Adapting Key to Survival for First-Mover Firms
Professor Anand Swaminathan and his co-author Professor Glen Dowell of the Mendoza College of Business at the University of Notre Dame have examined how the timing of a firm’s entry into an industry affects its chances of adopting the dominant technological design and the consequent effect on its survival. In their recent study, “Entry Timing, Exploration, and Firm Survival in the Early U.S. Bicycle Industry,” published in the April 2006 issue of the Strategic Management Journal, Swaminathan and Dowell found that in the context of the nation’s bike sector, firms that enter an industry earlier are less likely to make a transition to the product generation that becomes the dominant design. Much of this, according to the authors is due to organizational inertia and an inability to change as trends evolve. Swaminathan and Dowell argue that exploration through the introduction of new products appears to reflect a local search process and works to hinder a firm’s transition to the dominant design. They also found that, though firms entering the industry early may exhibit longer life spans, their survival advantage is restricted to the period before the dominant design emerges.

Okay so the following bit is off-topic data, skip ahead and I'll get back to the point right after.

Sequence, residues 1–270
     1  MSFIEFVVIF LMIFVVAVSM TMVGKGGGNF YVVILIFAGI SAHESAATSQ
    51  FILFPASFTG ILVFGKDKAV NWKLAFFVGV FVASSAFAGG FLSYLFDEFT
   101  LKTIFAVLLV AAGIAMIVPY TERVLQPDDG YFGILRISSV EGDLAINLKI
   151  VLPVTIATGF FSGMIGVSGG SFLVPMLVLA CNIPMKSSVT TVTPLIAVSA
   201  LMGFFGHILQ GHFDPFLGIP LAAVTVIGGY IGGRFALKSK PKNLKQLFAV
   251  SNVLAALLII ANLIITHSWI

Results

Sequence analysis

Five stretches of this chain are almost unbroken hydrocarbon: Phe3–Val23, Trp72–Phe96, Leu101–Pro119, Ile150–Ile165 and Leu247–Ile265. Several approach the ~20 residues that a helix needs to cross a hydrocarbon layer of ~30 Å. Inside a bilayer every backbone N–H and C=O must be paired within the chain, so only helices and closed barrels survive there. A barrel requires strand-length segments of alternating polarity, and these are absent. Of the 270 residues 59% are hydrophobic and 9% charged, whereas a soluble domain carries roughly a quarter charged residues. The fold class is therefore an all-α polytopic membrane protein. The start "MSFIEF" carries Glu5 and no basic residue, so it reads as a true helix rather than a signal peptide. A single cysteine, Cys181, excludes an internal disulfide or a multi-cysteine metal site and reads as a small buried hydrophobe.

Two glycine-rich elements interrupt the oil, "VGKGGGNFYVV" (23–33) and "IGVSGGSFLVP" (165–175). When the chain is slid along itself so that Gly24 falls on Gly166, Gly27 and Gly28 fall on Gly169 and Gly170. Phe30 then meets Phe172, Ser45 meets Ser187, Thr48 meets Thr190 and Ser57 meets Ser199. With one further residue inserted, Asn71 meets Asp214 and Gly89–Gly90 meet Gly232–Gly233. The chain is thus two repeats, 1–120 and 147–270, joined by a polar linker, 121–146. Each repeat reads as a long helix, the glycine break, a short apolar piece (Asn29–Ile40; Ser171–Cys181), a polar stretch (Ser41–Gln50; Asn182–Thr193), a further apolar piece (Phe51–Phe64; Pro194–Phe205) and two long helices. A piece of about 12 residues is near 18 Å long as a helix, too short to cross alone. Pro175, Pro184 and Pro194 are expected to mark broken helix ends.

In another recently published paper, Swaminathan and his co-authors Professor Glenn Hoetker of the University of Illinois at Urbana-Champaign and Professor Will Mitchell of Duke University studied the contingent effect of modularity in components on the survival of suppliers in the U.S. automobile industry from 1918 to 1942. In their paper, “Modularity and the Impact of Buyer-Supplier Relationships on Supplier Survival,” published in the February 2007 issue of Management Science, Swaminathan and his co-authors found that suppliers of high-modularity car parts benefit more from autonomy provided by potential customers, while suppliers of low-modularity components benefit more from ties to high-status customers. All suppliers benefited from higher independence in their relationships with existing customers. Their findings suggest that the impact of buyer-supplier ties on supplier performance is contingent on the modularity of component design.